However, if the United States Armed Forces is truly concerned about raising a cost-efficient and versatile ground force, it can merge the Army, the SOCOM and the Marine Corps into one unified service branch. This idea is not new. As far back as 1994, the late Colonel David Hackworth advocated the merger of the Army and the Marine Corps because their missions seemed to overlap. He went so far as to claim that the Department of Defense (DoD) could save “around $20 billion a year.” Nevertheless, absent in Hackworth’s column was a coherent blueprint for how the DoD could effectively unify its ground components into a cohesive service because Hackworth did not flesh out his strategic vision for what 21st Century wars may look like.

Which raises a very salient question as to what America’s strategic priorities should be. In a perceptive op-ed, Mark Fitzgerald, David Deptula and Gian P. Gentile aver that the United States must choose to go to “war as a last resort and not a policy option of first choice.” To this must be added another imperative. The United States Armed Forces must prioritize homeland defense as its primary mission and rethink the mistaken belief that the United States can somehow secure its interests through “lengthy military occupations of foreign lands.”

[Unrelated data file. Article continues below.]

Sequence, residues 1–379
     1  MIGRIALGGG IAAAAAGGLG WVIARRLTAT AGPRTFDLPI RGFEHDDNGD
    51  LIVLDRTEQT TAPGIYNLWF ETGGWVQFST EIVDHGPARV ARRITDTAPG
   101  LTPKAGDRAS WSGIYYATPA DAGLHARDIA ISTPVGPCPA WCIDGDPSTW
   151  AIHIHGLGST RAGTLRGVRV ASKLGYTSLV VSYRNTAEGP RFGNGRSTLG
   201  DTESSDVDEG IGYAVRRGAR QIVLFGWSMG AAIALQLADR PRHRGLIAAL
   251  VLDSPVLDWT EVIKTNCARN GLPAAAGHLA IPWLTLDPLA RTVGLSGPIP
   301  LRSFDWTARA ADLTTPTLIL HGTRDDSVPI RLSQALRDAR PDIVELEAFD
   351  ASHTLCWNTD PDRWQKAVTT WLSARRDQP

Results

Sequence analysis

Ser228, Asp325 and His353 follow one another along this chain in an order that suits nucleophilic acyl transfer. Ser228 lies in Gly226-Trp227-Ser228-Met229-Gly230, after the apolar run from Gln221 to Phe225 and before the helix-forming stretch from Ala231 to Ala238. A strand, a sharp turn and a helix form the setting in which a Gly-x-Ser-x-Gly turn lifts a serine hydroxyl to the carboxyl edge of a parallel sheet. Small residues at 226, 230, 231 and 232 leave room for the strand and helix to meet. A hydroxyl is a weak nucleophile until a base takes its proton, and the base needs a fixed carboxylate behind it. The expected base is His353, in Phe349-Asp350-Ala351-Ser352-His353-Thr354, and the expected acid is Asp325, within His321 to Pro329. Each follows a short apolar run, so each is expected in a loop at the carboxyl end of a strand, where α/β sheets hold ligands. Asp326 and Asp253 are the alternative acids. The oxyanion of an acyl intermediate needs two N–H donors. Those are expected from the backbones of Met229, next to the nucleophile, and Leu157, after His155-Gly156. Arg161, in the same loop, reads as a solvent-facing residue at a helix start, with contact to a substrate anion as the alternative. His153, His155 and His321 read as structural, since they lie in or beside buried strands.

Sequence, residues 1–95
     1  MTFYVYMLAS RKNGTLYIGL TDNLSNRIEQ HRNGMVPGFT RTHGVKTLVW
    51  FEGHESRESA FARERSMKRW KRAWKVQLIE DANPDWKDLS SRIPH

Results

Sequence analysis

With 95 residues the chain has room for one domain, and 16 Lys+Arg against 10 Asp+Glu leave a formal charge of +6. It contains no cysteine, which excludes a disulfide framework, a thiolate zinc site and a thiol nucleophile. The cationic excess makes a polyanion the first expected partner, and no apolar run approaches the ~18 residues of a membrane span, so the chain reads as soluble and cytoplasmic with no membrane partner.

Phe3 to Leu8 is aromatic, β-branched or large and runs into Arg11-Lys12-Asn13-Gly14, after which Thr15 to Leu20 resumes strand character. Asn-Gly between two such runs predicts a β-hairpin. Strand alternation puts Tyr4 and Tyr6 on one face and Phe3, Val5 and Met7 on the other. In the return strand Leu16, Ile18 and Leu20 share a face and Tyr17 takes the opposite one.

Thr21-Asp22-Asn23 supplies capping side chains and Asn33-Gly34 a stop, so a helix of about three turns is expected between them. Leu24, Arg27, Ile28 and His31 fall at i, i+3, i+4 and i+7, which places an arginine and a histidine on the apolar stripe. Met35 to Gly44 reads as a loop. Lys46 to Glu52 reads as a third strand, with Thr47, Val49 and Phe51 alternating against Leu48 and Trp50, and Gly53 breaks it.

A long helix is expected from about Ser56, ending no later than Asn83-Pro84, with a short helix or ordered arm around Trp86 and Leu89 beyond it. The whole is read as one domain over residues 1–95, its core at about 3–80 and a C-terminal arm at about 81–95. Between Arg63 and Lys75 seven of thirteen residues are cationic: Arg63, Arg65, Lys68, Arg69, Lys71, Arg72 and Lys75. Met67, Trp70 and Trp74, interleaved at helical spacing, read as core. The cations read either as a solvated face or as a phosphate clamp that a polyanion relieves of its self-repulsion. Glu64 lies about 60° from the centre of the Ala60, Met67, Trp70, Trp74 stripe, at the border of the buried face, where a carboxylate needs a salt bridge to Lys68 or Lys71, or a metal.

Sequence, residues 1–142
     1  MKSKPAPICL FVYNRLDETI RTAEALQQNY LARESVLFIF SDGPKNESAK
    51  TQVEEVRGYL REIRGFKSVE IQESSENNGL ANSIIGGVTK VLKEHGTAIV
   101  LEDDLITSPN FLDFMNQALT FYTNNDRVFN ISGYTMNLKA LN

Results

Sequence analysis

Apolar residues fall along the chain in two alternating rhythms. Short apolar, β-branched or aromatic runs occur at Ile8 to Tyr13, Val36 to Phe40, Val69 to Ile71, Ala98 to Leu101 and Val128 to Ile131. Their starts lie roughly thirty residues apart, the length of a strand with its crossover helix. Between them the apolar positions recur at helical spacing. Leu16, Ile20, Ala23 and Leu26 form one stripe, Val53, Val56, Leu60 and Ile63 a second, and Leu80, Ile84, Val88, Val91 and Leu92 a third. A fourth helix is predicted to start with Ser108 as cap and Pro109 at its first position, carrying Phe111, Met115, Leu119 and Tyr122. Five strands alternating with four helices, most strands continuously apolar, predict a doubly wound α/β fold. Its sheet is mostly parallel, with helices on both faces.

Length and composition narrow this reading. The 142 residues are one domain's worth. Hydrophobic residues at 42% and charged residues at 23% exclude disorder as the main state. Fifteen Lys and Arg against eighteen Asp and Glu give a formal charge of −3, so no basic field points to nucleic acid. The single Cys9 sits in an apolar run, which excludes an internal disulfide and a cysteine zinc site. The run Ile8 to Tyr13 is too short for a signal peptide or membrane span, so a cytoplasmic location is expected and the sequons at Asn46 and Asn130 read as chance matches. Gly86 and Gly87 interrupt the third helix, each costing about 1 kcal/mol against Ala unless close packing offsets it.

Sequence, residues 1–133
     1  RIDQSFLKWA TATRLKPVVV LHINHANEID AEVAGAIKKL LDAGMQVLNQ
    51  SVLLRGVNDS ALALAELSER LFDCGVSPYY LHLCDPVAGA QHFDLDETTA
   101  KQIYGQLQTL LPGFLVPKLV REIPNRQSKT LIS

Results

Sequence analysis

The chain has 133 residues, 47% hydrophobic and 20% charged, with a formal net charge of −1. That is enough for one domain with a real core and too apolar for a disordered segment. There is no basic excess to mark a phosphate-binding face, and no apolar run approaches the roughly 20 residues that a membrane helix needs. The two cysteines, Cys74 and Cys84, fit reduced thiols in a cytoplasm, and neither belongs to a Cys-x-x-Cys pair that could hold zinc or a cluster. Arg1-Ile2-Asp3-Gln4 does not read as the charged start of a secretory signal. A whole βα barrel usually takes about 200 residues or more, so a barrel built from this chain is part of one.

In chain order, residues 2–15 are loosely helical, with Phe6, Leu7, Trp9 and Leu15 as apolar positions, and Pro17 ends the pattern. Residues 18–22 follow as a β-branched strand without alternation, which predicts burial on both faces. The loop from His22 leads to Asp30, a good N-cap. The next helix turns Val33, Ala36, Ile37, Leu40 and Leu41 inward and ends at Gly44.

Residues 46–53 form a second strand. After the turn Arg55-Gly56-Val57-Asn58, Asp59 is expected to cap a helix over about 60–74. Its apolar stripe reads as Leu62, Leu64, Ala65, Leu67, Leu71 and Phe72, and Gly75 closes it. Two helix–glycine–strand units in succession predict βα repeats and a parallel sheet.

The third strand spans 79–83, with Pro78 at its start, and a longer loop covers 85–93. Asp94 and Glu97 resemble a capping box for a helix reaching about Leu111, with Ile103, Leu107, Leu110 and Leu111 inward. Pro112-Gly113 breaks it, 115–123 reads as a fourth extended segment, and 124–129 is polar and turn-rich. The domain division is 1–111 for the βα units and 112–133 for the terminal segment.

Thus, this newly merged service must redirect its focus towards countering cyber warfare and CBRNe (Chemical, Biological, Radiation, Nuclear and explosives) attacks and should work towards bolstering its counterterrorism (CT) capabilities. This is because, due to the convergence of the global community, the United States may be vulnerable to attacks from within by homegrown terrorists and drug cartels—all of which may wreak havoc and may even cripple America’s domestic infrastructures.

Reorientation of its mission focus may also require that the new service reconfigure its size. After all, as Chairman of the Joint Chiefs of Staff, General Martin Dempsey wrote in Foreign Affairs, “Washington should remember that the size of the armed forces is not the most telling metric of their strength.” One solution is to adopt the so-called “Macgregor Transformation Model (MTM)” centered around the combat group concept which may reduce the strength of the new service “yet in the end produce a force that has greater combat capability…[and] more sustainable.” This model may provide the United States with a deployable fire brigade in the event of a national emergency or an international crisis. Already, the bases from which to adopt this viable model exist in the form of Army brigade combat teams (BCTs) and Marine Air-Ground Task Forces (MAGTFs) of various sizes.